(Cover courtesy of Soft Skull Press.)

(Cover courtesy of Soft Skull Press.)

John Colapinto has been a staff writer at the New Yorker since 2008, and is responsible for this brilliant piece on used cooking oil theft, among others. He also rocks venues like the Bowery Electric (and the White House Correspondents’ dinner) as keyboardist for the Sequoias, a cover band (think: Stones and Neil Young) made up of media insiders, led by John Seabrook and including Colapinto and Seabrook’s boss, New Yorker editor David Remnick. Colapinto’s latest novel, Undone, is about a former schoolteacher getting his underage girlfriend to pose as a bestselling memoirist’s long-lost daughter, and seduce him.

If the book is getting media traction, it may be because of the underage girlfriend (the publisher wants us to learn the word “ephebophile”), though it should be noted that at 17, Chloe is “legal” in the state of Vermont, where we first meet her (age of consent: 16). But the real hubub has been the typically oroborus media/social-media self-feeding frenzy. Writing in The New York Times, Steven Kurutz used the book to discuss bringing back the now-unfashionable “literary sex novel,” before saying, “Undone may not have much to offer in the way of arousal,” and “the language throughout is curiously chaste.”

On the other hand, Eve Peyser, writing for New York magazine’s The Cut, snarked, “Getting his novel published wasn’t easy. Forty-one publishers rejected it, probably because it was just too good. He did eventually find an independent publisher, disproving the notion that things never work out for men.”

Natch, Colapinto was skewered on Twitter and is now getting Amazon reviews from people who admitted not reading the book. We caught up with him to see what the buzz was or wasn’t about. He reads from Undone at Book Culture on the Upper West Side on Wednesday, April 27 at 7pm.

BB_Q(1) Tell us about The Sequoias—how weird is it to have band practice with your boss? Does David Remnick have a sweet basement to rock out in? Do his roommates complain?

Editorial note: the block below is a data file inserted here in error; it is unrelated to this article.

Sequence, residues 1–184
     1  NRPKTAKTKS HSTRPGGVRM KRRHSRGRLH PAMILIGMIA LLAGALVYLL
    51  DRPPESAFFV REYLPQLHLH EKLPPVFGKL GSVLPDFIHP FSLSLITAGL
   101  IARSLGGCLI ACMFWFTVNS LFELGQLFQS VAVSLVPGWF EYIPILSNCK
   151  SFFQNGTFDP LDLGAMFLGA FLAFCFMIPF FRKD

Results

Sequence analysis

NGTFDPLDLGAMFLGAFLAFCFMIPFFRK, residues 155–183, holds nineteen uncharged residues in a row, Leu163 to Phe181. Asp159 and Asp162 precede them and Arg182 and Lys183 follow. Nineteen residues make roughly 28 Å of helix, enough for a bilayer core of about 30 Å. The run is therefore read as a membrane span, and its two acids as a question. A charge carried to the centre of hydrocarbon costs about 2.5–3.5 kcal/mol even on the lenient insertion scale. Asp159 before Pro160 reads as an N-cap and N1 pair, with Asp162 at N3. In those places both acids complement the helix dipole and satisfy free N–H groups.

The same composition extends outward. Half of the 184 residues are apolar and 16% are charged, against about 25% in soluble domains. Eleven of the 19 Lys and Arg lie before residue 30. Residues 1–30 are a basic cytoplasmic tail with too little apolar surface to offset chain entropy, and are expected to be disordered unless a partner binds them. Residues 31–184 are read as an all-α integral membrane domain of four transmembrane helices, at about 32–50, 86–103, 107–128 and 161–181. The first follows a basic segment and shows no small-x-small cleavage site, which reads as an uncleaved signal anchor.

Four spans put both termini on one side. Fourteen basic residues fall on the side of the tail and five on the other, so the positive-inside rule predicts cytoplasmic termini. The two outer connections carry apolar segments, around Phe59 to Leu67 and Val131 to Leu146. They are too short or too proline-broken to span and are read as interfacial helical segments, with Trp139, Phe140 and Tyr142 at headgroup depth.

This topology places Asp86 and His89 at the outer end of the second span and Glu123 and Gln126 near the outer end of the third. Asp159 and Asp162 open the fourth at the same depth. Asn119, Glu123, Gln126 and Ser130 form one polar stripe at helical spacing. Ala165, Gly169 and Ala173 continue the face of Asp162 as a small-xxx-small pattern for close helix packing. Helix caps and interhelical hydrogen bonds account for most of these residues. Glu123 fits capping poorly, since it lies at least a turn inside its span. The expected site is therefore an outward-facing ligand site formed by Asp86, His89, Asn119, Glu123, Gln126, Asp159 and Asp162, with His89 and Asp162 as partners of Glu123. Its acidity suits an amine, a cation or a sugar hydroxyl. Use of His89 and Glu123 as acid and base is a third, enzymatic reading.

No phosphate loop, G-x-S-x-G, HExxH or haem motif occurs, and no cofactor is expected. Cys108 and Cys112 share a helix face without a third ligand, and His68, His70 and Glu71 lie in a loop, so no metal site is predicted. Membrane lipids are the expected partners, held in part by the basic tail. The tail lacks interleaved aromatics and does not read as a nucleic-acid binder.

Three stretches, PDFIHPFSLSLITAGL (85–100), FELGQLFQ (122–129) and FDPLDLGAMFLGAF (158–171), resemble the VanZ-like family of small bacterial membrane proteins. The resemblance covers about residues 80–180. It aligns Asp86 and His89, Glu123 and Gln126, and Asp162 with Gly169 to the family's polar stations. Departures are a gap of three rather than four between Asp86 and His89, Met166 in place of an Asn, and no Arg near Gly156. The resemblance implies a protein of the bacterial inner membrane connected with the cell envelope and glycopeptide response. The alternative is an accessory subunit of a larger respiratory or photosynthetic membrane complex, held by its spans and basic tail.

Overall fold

BB_A(1) There is an element of the surreal to playing and performing with one’s boss. Luckily, he’s an excellent rhythm guitarist and lead guitar player—so I and my fellow New Yorker writer, John Seabrook, are not obliged to give false compliments in order to curry favor. Not that David would fall for that anyway. We practice in a rehearsal studio in Brooklyn, so any and all roommates and family members are spared.

BB_Q(1) James Wood (New Yorker book critic) isn’t in the Sequoias but is rumored to be a decent drummer. Did you ever jam with him?

BB_A(1) No, alas. I missed my chance last year when Wood and David played with Karl Ove Knausgaard at an event in Brooklyn. I suspect that if I could have made it to that gig, I might have been able to talk my way into shaking a rattle or something, or at the very least I could have scoped Wood’s skills—but I had some unbreakable appointment elsewhere. That I can’t even remember what that “appointment” was makes me wonder why the hell I didn’t just break it.

John-COLAPINTO-for-B-BBB_Q(1) He’s a brilliant critic, but also has a bit of a rep for being a takedown artist. Would you want him to write about your new novel?

BB_A(1) I’d love him to write about it, regardless of the verdict. Undone is really such a strange book, a weird amalgam of literary satire, genre thriller, Biblical allegory, Shakespearean tragedy and (let’s be honest) softcore porn (or porn parody?)—that even I have trouble figuring out what, exactly, I perpetrated. Maybe James could tell me.

BB_Q(1) Both of your novels featured characters who were wildly successful writers.

BB_A(1) I once heard some authority on how to write fiction (John Gardner maybe?) say: “Rule One: never make your hero an author”—which seemed reason enough to write fiction about authors. Although in Undone, my hero’s identity as a writer is more or less incidental: I needed a device to get him on Tovah, the Oprah-like TV show that sets the plot in motion, and I thought it would be fun to make him the author of one of those god-awful confessional memoirs that still jam bookstores. And I also liked the idea of having him, during the course of the story, compose a thriller novel that unwittingly parallels the very conspiracy he is falling victim to—this seemed like a nice way to give the book unity and to reflect on the theme of blindness: he “sees” the plot he is enmeshed in, without seeing it.